Americanized spins on Asian food scares me. There. I said it. Maybe it makes me seem like a spoiled brat, but I need the real authentic stuff. So, with much trepidation I made my way to Ling & Louie’s in Scottsdale. But, what makes Ling & Louie’s different is that they own up to the fact that they know they are not authentic and fully embrace making food that is more of a fun spin on Asian-inspired than any real attempt of authenticity.
It’s not hard to appreciate a burger. And like many fine restaurants before it, The Herb Box in Scottsdale’s DC Ranch made the wise decision to include a burger on its menu surrounded by dishes like steak and free-range chicken. Often, the burger represents a cheaper alternative, but with the burger running $17 at The Herb Box one could hardly be called cheap for ordering it.
I love old school greasy Mexican places. The types that have been around from years, have a stable menu and don’t try to introduce something crazy to the menu (I mean I like those too, but there’s a special place in my heart for the former). Ajo Al’s in Scottsdale is one of those old school places. Maybe it hasn’t been around since some of Phoenix’s older spots, but it opened in 1986, which is like 100 years ago in Arizona years.
Sometimes a burger comes along with an innovation worth screaming from the mountain tops. Or, at least from a meat blog. This time, that burger can be found at Paradise Valley Burger Co., which is in Paradise Valley, which is some sort of a hybrid of a neighborhood thingy in Phoenix. The spot can be found in mini mall reminiscent more of Los Angeles than your typical Phoenix and is divey enough to have been visited by Guy Fieri.
Once upon a time there was a sub-genre of movies called Spaghetti Westerns. They were Western movies that were produced by Italians, making them look and feel different from your more traditional Westerns. Old Town Scottsdale is kind of set up to look like the old west. And in Old Town Scottsdale is an old school Italian place called Italian Grotto. It’s like spaghetti in the west, but there is good, bad and ugly about it.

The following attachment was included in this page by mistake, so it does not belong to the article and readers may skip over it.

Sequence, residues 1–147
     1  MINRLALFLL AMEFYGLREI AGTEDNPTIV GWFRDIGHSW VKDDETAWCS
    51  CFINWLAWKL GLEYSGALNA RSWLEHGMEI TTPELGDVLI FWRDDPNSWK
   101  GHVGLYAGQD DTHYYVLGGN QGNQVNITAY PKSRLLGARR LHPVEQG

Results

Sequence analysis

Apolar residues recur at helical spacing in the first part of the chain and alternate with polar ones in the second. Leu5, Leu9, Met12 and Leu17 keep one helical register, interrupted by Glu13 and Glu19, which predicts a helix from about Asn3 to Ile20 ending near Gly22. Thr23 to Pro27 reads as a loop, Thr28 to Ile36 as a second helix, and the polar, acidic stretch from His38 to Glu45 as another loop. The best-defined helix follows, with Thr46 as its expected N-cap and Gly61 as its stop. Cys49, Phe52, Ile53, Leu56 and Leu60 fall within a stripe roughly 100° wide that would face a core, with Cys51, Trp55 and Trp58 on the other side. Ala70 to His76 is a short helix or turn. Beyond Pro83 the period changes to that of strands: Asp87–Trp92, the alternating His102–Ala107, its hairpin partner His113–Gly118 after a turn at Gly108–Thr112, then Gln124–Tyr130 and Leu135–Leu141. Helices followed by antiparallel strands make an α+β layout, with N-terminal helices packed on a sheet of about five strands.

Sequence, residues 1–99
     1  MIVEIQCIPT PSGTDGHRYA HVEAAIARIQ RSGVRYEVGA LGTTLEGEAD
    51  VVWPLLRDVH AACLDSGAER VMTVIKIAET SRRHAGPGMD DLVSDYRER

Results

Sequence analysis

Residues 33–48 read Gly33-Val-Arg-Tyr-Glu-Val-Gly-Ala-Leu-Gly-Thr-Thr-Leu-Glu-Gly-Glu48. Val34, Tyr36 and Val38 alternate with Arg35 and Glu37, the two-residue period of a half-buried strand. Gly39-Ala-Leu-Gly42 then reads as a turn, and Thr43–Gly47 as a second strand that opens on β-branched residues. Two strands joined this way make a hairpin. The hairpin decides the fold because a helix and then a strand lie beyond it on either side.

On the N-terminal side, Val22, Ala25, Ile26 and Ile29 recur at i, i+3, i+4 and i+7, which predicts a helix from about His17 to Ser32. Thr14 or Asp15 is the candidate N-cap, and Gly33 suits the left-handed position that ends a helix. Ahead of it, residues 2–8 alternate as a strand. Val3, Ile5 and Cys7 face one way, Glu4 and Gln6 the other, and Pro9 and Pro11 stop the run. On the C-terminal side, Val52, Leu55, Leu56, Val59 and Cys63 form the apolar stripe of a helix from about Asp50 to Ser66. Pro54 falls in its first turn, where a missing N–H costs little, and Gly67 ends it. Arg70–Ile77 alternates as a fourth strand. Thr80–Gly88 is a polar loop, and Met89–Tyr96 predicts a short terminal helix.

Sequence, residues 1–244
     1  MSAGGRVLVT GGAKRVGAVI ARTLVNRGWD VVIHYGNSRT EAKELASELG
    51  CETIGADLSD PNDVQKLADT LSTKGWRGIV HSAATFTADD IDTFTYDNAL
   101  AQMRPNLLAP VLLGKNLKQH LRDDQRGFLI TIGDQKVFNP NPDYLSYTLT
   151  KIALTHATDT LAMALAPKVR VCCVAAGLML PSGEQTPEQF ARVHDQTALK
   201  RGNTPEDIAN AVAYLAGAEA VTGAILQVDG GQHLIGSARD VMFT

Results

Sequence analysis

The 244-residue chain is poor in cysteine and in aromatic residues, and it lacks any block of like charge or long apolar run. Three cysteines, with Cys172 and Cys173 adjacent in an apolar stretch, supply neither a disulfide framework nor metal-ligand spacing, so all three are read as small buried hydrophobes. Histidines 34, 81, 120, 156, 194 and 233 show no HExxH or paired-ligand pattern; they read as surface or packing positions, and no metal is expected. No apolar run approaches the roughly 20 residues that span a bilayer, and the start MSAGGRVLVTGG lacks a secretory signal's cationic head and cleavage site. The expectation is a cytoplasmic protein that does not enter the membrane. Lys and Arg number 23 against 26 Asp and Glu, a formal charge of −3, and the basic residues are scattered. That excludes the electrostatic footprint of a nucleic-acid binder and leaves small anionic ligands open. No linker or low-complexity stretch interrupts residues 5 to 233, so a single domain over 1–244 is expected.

The Mekong Plaza in Mesa is a great place to get real, authentic Asian food to bring people back to their roots or at least to get them away from crappy Americanized Asian food. And among those more traditional restaurants is something that doesn’t fit the mold at all. It’s called Kingo Bowl, and it has taken the concept of rice bowls with molecular sous vide.
I’ve probably never thought that Middle Eastern food is the type of food that needs innovation and modernization. Give me some well-executed schwarma nearly any day of the week and I will be a happy man. Yet, Pita Jungle not only exists in the Phoenix area, but it has multiple locations that demonstrate a pattern of success. Oh, and it just oozes modern Middle Eastern.
As the world’s foremost meat blogger (according to myself), I am generally of the notion that vegetables need to be avoided and subbed in for meat or animal products at almost all times. Yet, when I was given the opportunity to head to The Counter in Phoenix and try out the Impossible Burger, I could not pass it up. But here’s where it gets weird, you see, the Impossible Burger is completely vegan.
Sauce has been a staple in the Phoenix area for a good amount of years now. And it’s a good thing that it’s established itself, as other fast casual pizza spots have been sweeping the nation. And while Sauce is about more than just pizza (they have pasta and salads too), it’s the pizza that drew me, and presumably almost everyone else in.
I went into Cold Beers and Cheeseburgers expecting to get some cold beer and a cheeseburger. And pretty immediately, I knew this would not be the case. It started with a delay to my beer because they were out of what I wanted. That was fine, because places run out of beer all the time and so I went ahead and ordered a new one. But then, I was told that it was Monday and that meant $12 build your own mac and cheese with basically whatever the hell you want in it.